Monday, July 02, 2007

Latest on Teacher Licensing Fiasco

I took and passed the four NY State Teacher Certification Examinations that a certification specialist at the New York State Education Department told me I needed to pass. I'm applying for a teaching license in Students with Disabilities, Birth-Grade 2. I passed the Students with Disabilities Content Specialty Test, the Elementary Assessment of Teaching Skills Test, the Liberal Arts and Sciences Test, and the Elementary Education Content Specialty Test.

I took the Elementary Education Content Specialty Test (CST) in 2003. Education schools generally recommend that teachers take this test in the first or second year of their teacher education programs, which I did. Since then, however, a new test replaced the test I took. The new test is called the Multi-Subject CST and, based on study guides, it is basically the same test under a new name. At most, it's a slightly different version of the old test. The state certification specialist I spoke with six months ago specifically told me that my passing score on the Elementary Education test would “be sufficient” for licensing requirements. Not so.

Rather than do the logical and fair thing (accept the Elementary Education CST for people who took and passed that test before the Multi-Subject CST became the new requirement), NYSED is of course making teachers jump through hoops again. The state is requiring people who already took and passed the Elementary Education CST to pay another $88-$150 and waste another Saturday morning taking the Multi-Subject CST (again, basically the same test). Not only is this a waste of money and time, it will also add at least another two months to the time teachers have to wait to get their licenses processed, potentially keeping many teachers out of the classroom come September.

How much more ridiculous can it get? Seriously. What’s sad is that this is just a drop in the bucket of ridiculous red tape roadblocks I’ve come across during the teacher licensing process, and I have many teaching friends and colleagues going through the same thing. I usually try my best to have a sense of humor about it (it's not hard to make fun of NY educrats), but I'm too exhausted now to be funny.

I learned of this new testing requirement after spending several hours on the phone today (mainly waiting on hold) with both city and state bureaucrats, trying convince them to speed up the processing of my license application. Instead, I learned I have to take another joke of a NY State teacher test. (The tests are all complete jokes, by the way.) I can take the test on July 21, but I have to pay $88 plus a $70 emergency registration fee. Then I have to wait until August 20th to get my score. Then I can call city and state bureaucrats all over again to try to get my license application expedited in time to begin working in early September.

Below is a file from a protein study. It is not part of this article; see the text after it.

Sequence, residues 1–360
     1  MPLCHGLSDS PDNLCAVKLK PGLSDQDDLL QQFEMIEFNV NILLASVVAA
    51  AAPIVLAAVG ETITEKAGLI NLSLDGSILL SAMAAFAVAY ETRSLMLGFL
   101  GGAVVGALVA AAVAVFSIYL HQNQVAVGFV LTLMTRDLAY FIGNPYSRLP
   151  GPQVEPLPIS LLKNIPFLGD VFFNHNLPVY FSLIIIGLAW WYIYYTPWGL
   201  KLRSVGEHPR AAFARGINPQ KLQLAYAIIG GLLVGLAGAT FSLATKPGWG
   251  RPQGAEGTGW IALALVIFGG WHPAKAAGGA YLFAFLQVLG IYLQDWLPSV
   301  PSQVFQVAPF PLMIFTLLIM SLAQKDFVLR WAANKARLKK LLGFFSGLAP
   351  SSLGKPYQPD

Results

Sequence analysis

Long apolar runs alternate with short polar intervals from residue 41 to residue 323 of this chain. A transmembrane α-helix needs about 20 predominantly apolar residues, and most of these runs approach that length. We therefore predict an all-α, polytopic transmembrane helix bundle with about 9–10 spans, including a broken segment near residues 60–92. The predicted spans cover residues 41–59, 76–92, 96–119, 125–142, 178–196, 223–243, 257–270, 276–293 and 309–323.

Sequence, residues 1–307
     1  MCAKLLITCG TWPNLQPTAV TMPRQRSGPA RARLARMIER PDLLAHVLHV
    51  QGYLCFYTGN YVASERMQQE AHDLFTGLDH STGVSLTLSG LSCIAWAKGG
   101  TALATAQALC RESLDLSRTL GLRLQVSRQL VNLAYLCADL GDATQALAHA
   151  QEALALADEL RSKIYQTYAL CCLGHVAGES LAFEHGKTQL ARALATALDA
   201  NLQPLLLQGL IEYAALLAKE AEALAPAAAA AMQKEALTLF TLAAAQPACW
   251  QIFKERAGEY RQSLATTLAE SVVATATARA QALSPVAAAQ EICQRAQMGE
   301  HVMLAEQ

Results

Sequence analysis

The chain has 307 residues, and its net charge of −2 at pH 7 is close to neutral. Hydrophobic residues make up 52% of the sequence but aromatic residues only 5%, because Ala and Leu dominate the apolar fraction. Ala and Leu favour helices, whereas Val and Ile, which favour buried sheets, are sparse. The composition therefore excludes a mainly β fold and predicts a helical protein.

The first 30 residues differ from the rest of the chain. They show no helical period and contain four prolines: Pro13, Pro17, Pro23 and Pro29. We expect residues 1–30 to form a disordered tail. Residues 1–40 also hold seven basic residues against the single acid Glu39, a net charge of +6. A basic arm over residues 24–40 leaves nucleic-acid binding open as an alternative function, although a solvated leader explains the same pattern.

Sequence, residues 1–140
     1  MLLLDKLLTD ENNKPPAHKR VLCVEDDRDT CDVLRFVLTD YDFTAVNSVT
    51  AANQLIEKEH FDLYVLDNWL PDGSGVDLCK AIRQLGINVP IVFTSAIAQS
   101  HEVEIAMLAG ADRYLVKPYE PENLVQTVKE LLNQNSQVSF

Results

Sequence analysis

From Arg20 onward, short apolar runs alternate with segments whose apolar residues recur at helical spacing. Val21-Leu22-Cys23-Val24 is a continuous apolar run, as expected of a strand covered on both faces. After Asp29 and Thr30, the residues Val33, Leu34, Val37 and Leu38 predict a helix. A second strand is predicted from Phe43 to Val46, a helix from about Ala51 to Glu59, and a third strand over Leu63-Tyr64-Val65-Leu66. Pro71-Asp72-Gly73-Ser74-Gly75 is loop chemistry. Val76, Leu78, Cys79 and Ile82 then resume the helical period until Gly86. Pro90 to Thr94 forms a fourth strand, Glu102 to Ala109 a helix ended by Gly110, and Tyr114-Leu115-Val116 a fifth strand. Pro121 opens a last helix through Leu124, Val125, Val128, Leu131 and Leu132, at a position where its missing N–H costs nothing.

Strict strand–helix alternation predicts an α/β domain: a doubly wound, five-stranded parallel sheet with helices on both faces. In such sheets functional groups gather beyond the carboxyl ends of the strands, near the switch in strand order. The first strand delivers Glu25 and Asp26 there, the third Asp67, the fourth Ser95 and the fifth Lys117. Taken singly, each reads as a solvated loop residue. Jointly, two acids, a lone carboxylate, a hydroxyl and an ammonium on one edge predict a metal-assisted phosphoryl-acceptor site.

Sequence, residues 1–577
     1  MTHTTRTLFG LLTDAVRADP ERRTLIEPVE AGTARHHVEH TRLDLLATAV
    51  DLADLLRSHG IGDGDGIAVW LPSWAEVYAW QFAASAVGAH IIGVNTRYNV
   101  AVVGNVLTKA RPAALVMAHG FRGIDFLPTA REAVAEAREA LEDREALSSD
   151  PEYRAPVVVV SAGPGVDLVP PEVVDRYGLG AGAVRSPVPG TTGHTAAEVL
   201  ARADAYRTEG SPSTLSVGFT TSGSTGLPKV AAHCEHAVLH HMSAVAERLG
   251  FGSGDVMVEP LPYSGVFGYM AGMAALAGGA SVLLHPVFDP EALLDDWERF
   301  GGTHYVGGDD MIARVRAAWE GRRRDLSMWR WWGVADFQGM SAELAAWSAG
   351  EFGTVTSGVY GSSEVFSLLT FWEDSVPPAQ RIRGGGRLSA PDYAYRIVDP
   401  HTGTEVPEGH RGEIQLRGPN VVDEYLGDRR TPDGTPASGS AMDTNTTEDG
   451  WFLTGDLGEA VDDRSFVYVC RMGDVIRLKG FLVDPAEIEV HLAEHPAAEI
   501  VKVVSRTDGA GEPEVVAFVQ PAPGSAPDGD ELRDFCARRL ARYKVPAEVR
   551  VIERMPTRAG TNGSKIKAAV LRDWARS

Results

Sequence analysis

Meanwhile, until this is resolved. I have no guarantee of a teaching job for next school year, despite having glowing references from parents, preschool directors, and co-teachers. One dad, who was referred to me by a preschool director and wants me to be his son’s special ed teacher for next school year, is talking with his attorney on my behalf. We’ll see if anything comes of that.

Oh, and by the way, for some reason, this testing requirement was waived for people applying for a license in Students with Disabilities Grades 1-6, but not for people applying for licenses in Students with Disabilities Grades 5-9, or Students with Disabilities Birth to Grade 2. This is what a New York City Dept of Ed “Certification Hotline Supervisor” told me. Sheer brilliance.

When I asked for this policy in writing, I got “shushed.” The supervisor literally said, “ssssshhhhh” to try to get me to stop asking questions about the policy. Then she said that this was “verbal information” she’d been given by “someone” at the state. I swear these people aren’t even sure of what their own policies are. Who even knows if this is actually the policy. But it’s easier at this point to just pay for and take the new test than spend a week of afternoons calling and emailing pinheads and getting frustrated, and then still probably having to take the test in the end.

Well, all in all, it's just another chapter in my book exposing how the inefficient and laughable city and state bureaucracies are crippling New York City’s public schools and convincing talented teachers to either change careers or teach elsewhere. I've learned that public exposure is the only thing that motivates some people to change.